Docker is an open-source project that provides an open platform for developers and sysadmins to build, package, and run applications anywhere as a lightweight container. Docker automates the deployment of applications inside software containers.
Docker is a great tool for developers. The key reason why is that it removes friction incurred when setting up your development laptop for different development environments, especially for Polyglot developers!.
If you’re a developer who supports many different projects, all written in different programming languages, using different runtime libraries and frameworks in those languages. For instance, PHP websites developed using Laravel, others using CakePHP, yet others using the YII Framework and then there are a few WordPress based websites. All using slightly different versions of the Frameworks because customers don’t want to upgrade for a variety of different reasons.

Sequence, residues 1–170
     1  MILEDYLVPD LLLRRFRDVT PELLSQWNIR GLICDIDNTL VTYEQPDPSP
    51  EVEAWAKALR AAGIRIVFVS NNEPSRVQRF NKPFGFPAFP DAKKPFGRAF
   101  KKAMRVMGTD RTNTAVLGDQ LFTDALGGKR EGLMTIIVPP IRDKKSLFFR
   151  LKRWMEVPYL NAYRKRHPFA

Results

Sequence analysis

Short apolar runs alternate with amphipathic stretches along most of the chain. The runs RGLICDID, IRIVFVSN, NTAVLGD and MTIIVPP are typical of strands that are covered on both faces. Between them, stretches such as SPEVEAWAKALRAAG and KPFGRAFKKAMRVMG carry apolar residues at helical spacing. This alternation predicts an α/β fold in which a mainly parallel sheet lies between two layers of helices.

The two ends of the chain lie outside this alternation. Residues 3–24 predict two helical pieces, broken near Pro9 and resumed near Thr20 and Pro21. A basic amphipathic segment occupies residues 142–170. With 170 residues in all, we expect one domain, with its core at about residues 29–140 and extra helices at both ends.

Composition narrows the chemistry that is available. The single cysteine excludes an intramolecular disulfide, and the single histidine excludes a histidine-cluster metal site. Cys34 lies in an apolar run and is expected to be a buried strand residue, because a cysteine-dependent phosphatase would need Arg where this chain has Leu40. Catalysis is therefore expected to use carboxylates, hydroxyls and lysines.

It can be an absolute nightmare configuring your workstation just to fix a 5-minute bug. It can take hours uninstalling tweaking, troubleshooting and reconfiguring. Time which is better spent hyping some Web Framework on Twitter!
Docker to the rescue
Docker drastically simplifies this process. Reducing the need for developers to be configuration experts enabling them to focus on solving problems using code!
If you’re running Mac or Windows installing Docker is a relatively simple process of quite literally following a wizard. Read instructions on how to install docker on Windows or install docker on Mac OSX. You should be up and running is minutes.
Installing docker on ubuntu
When it comes to installing Docker on Ubuntu, things are slightly trickier, and although the instructions on the docker website are great and will get you up and running quickly. I have found a couple of quirks that aren’t always that obvious. I will aim to cover these and keep this post updated as I find them.
Don’t install docker from the default Ubuntu repositories
How to uninstall old versions of docker
There are a number of different versions of docker available. As with any Open Source library, they tend to go through different iterations before finally getting to a state where they either get funding and are able to market the product and get it ready for the market or they subject to the whims and desires or whoever maintains them or they just die!